A takeaway pizza owner has been penalised for twice ‘thumbing his nose’ at the Fair Work Ombudsman.
It’s the second time a court has penalised the employer for underpaying a worker who was largely homeless.
Takeaway pizza owner penalised
Ziad Andary operated a takeaway business called ‘The Valley Pizza’ in Nuriootpa in the Barossa Valley region of South Australia.
The Federal Circuit and Family Court penalised Andary $4,620 for ignoring a Compliance Notice.
The Notice required him to calculate and back-pay entitlements owed to a young worker employed at the outlet between December 2018 and August 2019.
The court also ordered Andary to rectify the underpayment in full, plus interest and superannuation.
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The wage theft
Fair Work commenced an investigation as a result of receiving a wage theft complaint from the 22 year-old worker.
An inspector subsequently issued a Compliance Notice to Andary in July 2021 after forming a belief that he had underpaid the worker minimum casual rates and penalty rates for late-night and weekend work entitlements.
Worker ‘largely homeless’
Judge Stewart Brown found that the matter involved deliberate non-compliance affecting a vulnerable worker.
He also noted the young man was “largely homeless” during his employment.
“Occasionally, as he had been kicked out of his previous accommodation, (the worker) would stay overnight at the business, in a backroom, due to him being largely homeless, otherwise he was couch surfing,” he said.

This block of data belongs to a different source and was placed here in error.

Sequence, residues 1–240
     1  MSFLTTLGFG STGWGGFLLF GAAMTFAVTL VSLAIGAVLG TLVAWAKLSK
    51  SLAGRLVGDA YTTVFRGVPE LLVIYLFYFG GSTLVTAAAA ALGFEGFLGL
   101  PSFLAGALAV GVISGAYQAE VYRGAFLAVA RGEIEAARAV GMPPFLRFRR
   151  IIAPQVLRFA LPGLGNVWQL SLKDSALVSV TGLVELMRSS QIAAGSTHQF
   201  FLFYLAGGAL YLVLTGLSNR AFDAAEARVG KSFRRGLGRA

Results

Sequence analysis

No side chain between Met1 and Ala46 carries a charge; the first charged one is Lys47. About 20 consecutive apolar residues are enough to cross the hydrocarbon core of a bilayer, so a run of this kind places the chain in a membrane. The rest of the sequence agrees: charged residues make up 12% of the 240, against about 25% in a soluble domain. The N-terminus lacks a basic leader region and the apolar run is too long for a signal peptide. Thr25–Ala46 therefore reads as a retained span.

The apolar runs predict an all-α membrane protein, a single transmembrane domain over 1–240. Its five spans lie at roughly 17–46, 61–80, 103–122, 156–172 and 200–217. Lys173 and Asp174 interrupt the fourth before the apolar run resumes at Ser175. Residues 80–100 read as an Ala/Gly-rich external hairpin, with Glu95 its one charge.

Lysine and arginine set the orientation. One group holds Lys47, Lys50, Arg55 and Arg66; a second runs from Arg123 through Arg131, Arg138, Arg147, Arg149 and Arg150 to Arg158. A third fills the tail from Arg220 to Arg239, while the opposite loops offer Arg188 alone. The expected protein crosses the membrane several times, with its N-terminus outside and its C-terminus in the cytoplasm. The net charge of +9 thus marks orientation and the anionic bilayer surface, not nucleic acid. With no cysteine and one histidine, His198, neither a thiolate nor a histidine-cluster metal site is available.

Finally, Judge Brown said there is a need to deter Andary and other employers from similar conduct.
“Mr Andary is, in effect, thumbing his nose, at the FWO and its legislatively justified attempts to ensure that an employee, employed in an industry which is rife with exploitation through underpayment, receives his just entitlements.”
READ JUDGE BROWN’S ORDERS
It is the second time Andry has failed to comply with a Compliance Notice to rectify wage theft.
In 2021, the court penalised him $3,500 for failing to comply with a Notice requiring him to back-pay entitlements owed to a different worker.
No tolerance for non-compliance
Fair Work Ombudsman Sandra Parker said employers who fail to act on Compliance Notices will face court-imposed penalties in addition to having to back-pay workers.
“We have no tolerance for deliberate non-compliance as occurred in this case. It is particularly disappointing to again have to take legal action against this employer – and again secure penalties – to ensure a worker receives all their lawful entitlements,” Ms Parker said.
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